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The Field of Learning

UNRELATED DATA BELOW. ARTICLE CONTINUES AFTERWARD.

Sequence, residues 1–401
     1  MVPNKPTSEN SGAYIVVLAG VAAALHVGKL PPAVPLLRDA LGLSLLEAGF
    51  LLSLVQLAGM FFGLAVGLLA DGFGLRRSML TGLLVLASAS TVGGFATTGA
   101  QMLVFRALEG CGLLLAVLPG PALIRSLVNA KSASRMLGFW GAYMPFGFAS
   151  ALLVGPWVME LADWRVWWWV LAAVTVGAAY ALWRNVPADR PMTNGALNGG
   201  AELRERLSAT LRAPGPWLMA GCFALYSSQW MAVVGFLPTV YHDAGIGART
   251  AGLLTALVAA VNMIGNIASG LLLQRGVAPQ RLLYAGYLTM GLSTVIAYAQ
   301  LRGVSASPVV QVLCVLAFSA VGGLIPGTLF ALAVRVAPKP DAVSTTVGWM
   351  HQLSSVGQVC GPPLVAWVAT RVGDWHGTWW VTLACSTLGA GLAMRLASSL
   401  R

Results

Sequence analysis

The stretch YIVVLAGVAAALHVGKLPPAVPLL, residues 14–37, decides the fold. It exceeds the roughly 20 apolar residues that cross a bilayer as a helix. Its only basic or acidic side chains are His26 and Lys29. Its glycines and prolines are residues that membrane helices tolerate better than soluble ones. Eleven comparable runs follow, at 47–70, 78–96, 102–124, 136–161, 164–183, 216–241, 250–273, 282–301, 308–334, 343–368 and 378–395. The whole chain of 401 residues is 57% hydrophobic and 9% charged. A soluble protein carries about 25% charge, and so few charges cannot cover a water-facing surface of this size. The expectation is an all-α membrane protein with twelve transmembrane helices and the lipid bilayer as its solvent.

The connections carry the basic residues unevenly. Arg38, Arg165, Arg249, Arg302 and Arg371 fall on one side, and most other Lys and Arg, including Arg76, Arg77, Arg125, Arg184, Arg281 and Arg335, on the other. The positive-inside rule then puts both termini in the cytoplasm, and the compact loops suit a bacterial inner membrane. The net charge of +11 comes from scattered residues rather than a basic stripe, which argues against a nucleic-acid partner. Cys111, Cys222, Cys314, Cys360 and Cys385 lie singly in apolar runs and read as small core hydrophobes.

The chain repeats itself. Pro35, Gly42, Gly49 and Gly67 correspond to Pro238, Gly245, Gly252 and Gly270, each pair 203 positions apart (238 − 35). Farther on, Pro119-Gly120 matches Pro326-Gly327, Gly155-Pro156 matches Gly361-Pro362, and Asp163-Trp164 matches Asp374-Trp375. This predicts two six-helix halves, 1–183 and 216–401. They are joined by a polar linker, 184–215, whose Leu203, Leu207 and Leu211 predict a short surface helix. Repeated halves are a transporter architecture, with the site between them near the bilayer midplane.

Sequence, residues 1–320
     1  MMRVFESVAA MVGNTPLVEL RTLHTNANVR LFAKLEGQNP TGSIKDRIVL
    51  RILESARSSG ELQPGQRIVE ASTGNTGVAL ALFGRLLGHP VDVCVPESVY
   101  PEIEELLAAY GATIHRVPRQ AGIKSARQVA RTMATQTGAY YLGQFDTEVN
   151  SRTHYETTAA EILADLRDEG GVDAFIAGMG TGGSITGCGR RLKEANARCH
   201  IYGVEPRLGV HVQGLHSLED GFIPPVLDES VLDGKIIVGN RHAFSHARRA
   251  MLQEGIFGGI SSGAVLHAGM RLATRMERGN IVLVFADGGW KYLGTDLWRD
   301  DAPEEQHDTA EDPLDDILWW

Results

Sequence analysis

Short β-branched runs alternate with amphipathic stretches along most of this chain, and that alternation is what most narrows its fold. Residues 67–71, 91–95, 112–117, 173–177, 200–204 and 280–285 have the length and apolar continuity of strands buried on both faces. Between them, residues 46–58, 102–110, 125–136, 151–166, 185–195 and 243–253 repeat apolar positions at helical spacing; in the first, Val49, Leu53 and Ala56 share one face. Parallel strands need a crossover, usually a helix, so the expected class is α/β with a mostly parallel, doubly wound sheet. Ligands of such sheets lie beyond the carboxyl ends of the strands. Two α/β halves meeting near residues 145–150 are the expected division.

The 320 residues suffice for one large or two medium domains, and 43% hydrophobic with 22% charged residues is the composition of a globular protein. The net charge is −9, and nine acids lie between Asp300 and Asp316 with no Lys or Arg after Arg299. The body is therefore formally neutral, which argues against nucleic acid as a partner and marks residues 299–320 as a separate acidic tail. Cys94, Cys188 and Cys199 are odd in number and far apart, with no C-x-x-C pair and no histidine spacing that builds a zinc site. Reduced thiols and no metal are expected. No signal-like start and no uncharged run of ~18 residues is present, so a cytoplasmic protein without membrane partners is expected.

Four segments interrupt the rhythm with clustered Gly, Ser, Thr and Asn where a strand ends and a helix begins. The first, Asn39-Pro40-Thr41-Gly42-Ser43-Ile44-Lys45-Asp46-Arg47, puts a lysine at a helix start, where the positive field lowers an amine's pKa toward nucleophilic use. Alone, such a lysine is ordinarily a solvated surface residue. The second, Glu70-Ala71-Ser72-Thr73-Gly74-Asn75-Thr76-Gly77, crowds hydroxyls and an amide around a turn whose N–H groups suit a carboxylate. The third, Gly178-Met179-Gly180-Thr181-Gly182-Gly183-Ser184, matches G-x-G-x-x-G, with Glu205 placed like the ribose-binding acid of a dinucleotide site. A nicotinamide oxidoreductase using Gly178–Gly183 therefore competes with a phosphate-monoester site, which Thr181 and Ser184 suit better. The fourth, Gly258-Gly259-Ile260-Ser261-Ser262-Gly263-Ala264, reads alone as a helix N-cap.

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Part OneThe Field of Learning Disabilities“There was something wrong with my brain, What had previously been a shadow of suspi-cion that hovered on the edge of consciousness became certain knowledge the year that I wasnine and entered the fourth grade. I seemed to be like other children but I was not like them:I could not learn to read or spell. Throughout my childhood and youth the nature of my dis-order remained mysterious. . .When I was twenty-two it was diagnosed. . . . I was dyslexic. ”—Ellen Simpson, psychotherapist and poet, in her Autobiography} Reversals“Having made a strenuous effort to understand the symbols he could make nothing of, he[Gustave Flaubert] wept giant tears. . .For a long time he could not understand the elementaryconnection that made of two letters one syllable, of several syllables a word. ”—Caroline Commanville in Souvenirs ln times describing the French novelist Gustave Flaubert“I remember vividly the pain and mortification I felt as a boy of eight, when I was assignedto read a short passage of scripture at a community vesper service during summer vacation inMaine– and did a thoroughly miserable job of it. ”—Nelson Rockefeller in TV Guide, October 16, I976“I missed [my nurse] terribly. Every day I wrote her—a short, badly written ill-spelled note:writing and spelling were always terribly difficult for me. . . . I was always recognized, thoughquite kindly, as the “slow one” of the family. . . .It was quite true, and I knew it and accepted it. ”—Agatha Christie in An Autobiography“For years I had hidden from parents, sisters, teachers, friends, even my husband, the factthat I can read on] y a few minutes at a time before becoming confused and exhausted. My prob-lems extend beyond the inability to read well. Although I managed to earn a bachelor’s degreeand attend graduate school, I can neither recite the alphabet straight through nor do I knowthe multiplication and division tables. . .I have difficulty writing down the simplest note. . . “—Roa Lynn in Learning DisabilitiesPart OneThe Field of Learning DisabilitiesOVERVIEW OF THE FIELDA large number of competing theories concern-ing the nature of learning disabilities has left thefield with no universally accepted definition. Thepresent legal definition, accepted by most schoolpractitioners, as stated in the Education for AllHandicapped Children Act of ]975 (Public Law94-142), rules out all known causes of learningdisorders except neurological impairment. Thehistorical roots of the field can be found in theareas of language dysfunction, mental retardation,and perceptual disorder. Recent estimates statethat between 4 and 20 percent of the U.S. schoolage population is learning disabled. Identificationand treatment have traditionally been interdisci-plinary.Definition of “Learning Disabilities”Despite the lack of a universal definition of“learning disabilities, ”the definition exists in thelaw. In Public Law 94-142, a learning disabilityis defined as “a disorder in one or more of thebasic psychological processes involved in under-standing or in using language, spoken or written,which may manifest itself in an imperfect abilityto 1isten, think, speak, read, write, spell or domathematical calculations” (167).Problems of taxonomy and semantics have im-peded defining“learning disabilities” a precise,comprehensive way. In 1968, the National Advi-sory Committee on Handicapped Children offereda definition of the term that is now widely used.This definition significantly influenced the onethat the U.S. Congress used in 1969 in Title VIof Public Law 91-230 and in Public Law 94-142.Congress further defined the term to exclude“children who have learning problems which areprimarily the result of visual, hearing or motorhandicaps, of mental retardation, or of environ-mental, cultural or economic disadvantage. ” It isnot surprising that this definition was greatly crit-icized by some in the learning disabilities field,a field that boasts scores of different professionaland special interest groups.Whether the Federal definition has helped tostandardize the use of the term is questionable.mercerr Forgone, and Wolking ( ]37) found thatthe definitions of learning disabilities used by 42State departments of education were not consist-en t. Among the terms frequently used inter-changeably with “learning disabilities” are thefollowing: dyslexia, hyperactivity, hyperkineticsyndrome, brain dysfunction, brain damage, per-ceptual-motor dysfunction, visual-motor dysfunc-tion, dyscalculia, aphasia, alexia, developmentallearning disability, and others.The lack of agreement in defining learning dis-abilities reflects the variety of theories about thenature, and especial] y about the cause, of suchdisabilities. Over the years, the explanation oflearning disabilities in terms of underlying braindysfunction has been cautiously replaced with be-havioral descriptions. Perhaps defining learningdisabilities is difficult because learning disabili-ties are not a single disorder but a set of disorders.This set 01 disorders may or may not have a com-mon origin. All of them, however, interfere withlearning in the nonretarded population.Two aspects of the present legal definition thatappear problematic are the exclusionary structureof the definition and what is called the “discrep-ancy ” formulation. The definition of learning dis-abilities as not one of a number of other knownimpediments to learning ( 125) has been criticized( 174, 17.5). The definition of learning disabilitiesas discrepancies between actual school perform-ance and intellectual potential (19) has also beencriticized (174, 177).Thus, the definition of learning disabilities inPublic Law 94-142 is far from definitive or univer-sally accepted. Whether such disabilities are essen-tially behavioral or physiological is a question notaddressed by the legislation. The definition in8 ● Health Technology Case Study 25: Technology and Learning DisabilitiesPublic Law 94-142 functions primarily as legalgroundwork for demanding appropriate schoolingfor learning-handicapped individuals.History of the Field: Theories, Terms,and Treatments“Learning disabilities” is a relatively new term.Coined by Samuel Kirk in 1963, the term hascome to function as a label for individuals of nor-mal intelligence, physical intactness, emotionalhealth, adequate instruction, and sufficient mo-tivation who are somehow unable to master